Showing 3,101 - 3,125 of 3,205 comments
I’m sorry, my sense of direction must’ve been mixed up when I typed the above information; the Brookhaven Multiplex is/was on the South Service Road, not the North Service Rd.
For those interested in further comments on the Madison Theater, I visited the building today. See the Madison Theater for my comment on it (I guess that’s more appropriate than continuing here under the Rivoli about it).
I was able to find a little bit more out about the Madison today (Warren and I were talking about it under the Rivoli theater the other day).
Anyway, I was in Ridgewood today, and was able to find some time for a walk on Myrtle Ave. I finally went into the Liberty Dept Store. I haven’t been in the building since it was Odd Lot, and that must have been the late 80’s. Well, the Liberty Dept Store is huge. It takes up the entire Madison’s lobby area, the entire area under the balcony and more than ½ of the main auditorium of the Madison, probably ¾ of it. It is exactly how I remember it from the Odd-Lot days. The old balcony stairway is still there, altough has modern stairs and railing (no sign of the Madison marble or railing). The stairway was wide open with a chain across it (man was I tempted to go up there!!!). You can clearly see the curve of the huge balcony right through the middle of the store. There is a drop ceiling under the balcony area, and in the old lobby area. You can no longer tell where the lobby ended, and the area under the balcony in the theater began. Past the balcony, the wall of the balcony (which is sheetrocked) goes up about 3 or 4 feet, and then another higher drop ceiling is the “fake ceiling” for the area of the store in the main auditorium.
They built an office or managers room in the left hand part of the theater, and that goes towards the old stage area. The door was open,and the room is sheetrocked. Then on the right hand side of the theater a huge storage room is located. That door was also open, and had a drop ceiling also, and sheetrocked walls. There is a door that goes outside from there too, presumably one of the former emergency exit doors.
The entire store is sheetrocked, and the store takes up the bulk of the former theater. If there is any part of the theater not in public view, it would be the huge stage area, and possibly a little more around the bend in the storage room that I could not see.
Aside from the totally modernized stairway (hard to imagine that it was once the Madison’s ornate marble stairway), and the curvatire of the balcony, there is NOTHING visable of the old theater. All the walls in the store itself, the office, and the storage room were completely sheetrocked with drop ceilings. The store does take up most of orchestra level of the theater, as well as the entire lobby. If anything at all still exists of the Madison, it can only be the top of the walls, the top of the procenium arch, and the ceiling, and possibly the balcony area (was it one or two balconies), that’s it. At least the mystery of whether Liberty Dept Store occupies the main auditorium or not is solved….now one of us has to get the management of the store to let us go up theat stairway!!!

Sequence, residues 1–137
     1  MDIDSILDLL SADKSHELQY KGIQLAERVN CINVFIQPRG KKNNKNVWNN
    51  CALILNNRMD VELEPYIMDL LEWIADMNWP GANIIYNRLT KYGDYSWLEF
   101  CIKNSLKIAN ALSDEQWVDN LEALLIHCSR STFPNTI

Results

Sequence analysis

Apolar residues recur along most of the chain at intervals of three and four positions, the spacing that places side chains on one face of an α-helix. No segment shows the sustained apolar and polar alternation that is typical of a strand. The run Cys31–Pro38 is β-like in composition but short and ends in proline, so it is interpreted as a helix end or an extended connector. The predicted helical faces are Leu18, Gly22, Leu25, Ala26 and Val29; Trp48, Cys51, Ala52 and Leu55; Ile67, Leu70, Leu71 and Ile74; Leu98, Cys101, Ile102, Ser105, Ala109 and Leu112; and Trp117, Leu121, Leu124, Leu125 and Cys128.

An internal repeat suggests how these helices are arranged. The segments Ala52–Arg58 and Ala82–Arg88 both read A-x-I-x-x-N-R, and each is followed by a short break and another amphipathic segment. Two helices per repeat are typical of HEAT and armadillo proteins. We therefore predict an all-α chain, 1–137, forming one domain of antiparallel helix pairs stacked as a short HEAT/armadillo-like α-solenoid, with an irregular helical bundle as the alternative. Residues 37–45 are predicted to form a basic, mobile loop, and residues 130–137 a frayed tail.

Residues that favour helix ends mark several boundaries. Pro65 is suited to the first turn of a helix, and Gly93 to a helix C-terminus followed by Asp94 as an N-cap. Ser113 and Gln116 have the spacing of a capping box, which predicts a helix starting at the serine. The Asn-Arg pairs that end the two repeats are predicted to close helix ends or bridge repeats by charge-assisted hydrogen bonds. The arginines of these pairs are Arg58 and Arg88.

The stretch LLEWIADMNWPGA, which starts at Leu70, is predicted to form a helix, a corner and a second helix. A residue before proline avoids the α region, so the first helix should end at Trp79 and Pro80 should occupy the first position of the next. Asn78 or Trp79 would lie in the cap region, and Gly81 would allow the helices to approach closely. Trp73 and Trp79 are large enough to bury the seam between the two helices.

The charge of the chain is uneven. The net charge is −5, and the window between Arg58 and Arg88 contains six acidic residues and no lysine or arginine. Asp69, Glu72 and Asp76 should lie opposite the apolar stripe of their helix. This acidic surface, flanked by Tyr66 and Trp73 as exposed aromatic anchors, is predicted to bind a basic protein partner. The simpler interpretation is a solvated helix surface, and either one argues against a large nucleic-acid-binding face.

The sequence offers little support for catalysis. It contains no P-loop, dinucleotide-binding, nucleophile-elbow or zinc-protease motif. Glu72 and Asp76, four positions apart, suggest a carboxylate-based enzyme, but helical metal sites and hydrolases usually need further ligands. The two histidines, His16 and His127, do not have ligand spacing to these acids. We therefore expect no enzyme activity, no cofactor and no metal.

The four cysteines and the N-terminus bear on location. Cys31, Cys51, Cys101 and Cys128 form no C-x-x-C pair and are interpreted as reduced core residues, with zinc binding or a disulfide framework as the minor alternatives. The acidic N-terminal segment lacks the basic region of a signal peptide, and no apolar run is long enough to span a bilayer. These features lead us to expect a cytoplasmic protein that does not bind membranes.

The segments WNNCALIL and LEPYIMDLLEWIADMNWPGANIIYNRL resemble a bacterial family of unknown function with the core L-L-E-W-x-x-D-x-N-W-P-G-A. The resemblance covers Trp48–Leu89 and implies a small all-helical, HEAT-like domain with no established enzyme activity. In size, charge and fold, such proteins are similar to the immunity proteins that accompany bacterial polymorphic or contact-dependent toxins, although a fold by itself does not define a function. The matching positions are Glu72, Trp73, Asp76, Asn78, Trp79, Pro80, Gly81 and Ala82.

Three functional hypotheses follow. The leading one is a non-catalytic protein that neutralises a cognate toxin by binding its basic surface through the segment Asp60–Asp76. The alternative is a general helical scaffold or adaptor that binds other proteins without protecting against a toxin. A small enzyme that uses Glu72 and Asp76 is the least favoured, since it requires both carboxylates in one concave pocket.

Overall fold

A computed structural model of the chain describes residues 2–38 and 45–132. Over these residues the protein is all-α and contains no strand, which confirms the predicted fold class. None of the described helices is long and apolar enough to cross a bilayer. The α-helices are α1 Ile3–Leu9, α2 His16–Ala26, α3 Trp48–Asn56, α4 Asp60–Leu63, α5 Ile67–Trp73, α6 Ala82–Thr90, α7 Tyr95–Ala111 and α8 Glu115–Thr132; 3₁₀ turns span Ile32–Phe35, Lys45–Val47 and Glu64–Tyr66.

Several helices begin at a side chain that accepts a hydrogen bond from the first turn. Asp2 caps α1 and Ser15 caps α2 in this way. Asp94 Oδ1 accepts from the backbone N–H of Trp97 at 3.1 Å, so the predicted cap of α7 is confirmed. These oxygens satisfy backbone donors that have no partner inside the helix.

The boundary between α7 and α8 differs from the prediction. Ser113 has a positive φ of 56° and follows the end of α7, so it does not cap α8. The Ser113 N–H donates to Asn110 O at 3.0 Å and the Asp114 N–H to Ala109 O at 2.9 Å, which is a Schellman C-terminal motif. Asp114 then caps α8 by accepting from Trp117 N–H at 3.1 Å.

I remember walking by on the sidestreet in the early 80’s, and the side doors to the “Tabernacle of Prayer” being open. I couldn’t believe the ornateness of the the theater. Unfortuntaely, I had never seen a movie there.
Yes, the Drake was used in Howard Stern’s movie “Private Parts”. In addition, the Drake is currently used as the catering hall portion of Joe Abbracamento’s Restaurant. The lobby seems to have been redone sort of fancy in “catering hall” style.
The one and only time I was there was when I saw “Annie” there in the early or mid 80’s. I only vaguely remember the interior, but don’t remember it being anything “that” special.
I have not been in the Madison in many years, but here’s what I remember. When it was Consumers, only the lobby area and part of the area under the balcony was used. Consumers was a “Service Merchandise” type of place, where you would write down what you want on a form, and they then bring it to you from the back. I assume the main part of the theater was used for the storage of the merchandise.
When it became Odd-Lot, you were able to access a much larger part of the building. If I remember correctly, if you looked up at the ceiling, you could see the curve of the balcony on the low ceiling part of the store. Then there was a higher drop ceiling too, presumably in the main auditorium area. It is doubtful that the Odd-Lot store took up the entire auditorium, although certainly did seem to occupy at least part of it. I remember very clearly the “low ceiling” and the slightly “higher ceiling”.
It is highly likely that much of the ceiling and at least the higher portions of the walls of the Madison Theater, as well as the balcony areas still exist. However, they are probably in shambles if they do still exist, what with the passage of time, neglect, conversion to either retail space or storage space, and also the fire that occured in the late 70’s.
I have never been in the Liberty Dept Store (which is now in the Madison), so don’t know if that store takes up more or less space than Odd-Lot did (the last time I was in there was for Odd-Lot).
Warren, do you know what the building is used for now?
Is the interior intact?
Thanks Peter for the information. I guess the exterior was much more ornate than it is now too.
Heh, now there are three theaters that I would “almost” be tempted to go to church services just to see the interior, the Loews Gates, the Valencia, and now the Rivoli. I guess I would stick out at a Spanish church though – “Iglesia Pentecostal”, seeing that I don’t speak Spanish – I can say, “No Hablo Esponial”, and a few other phrases, but about that’s it….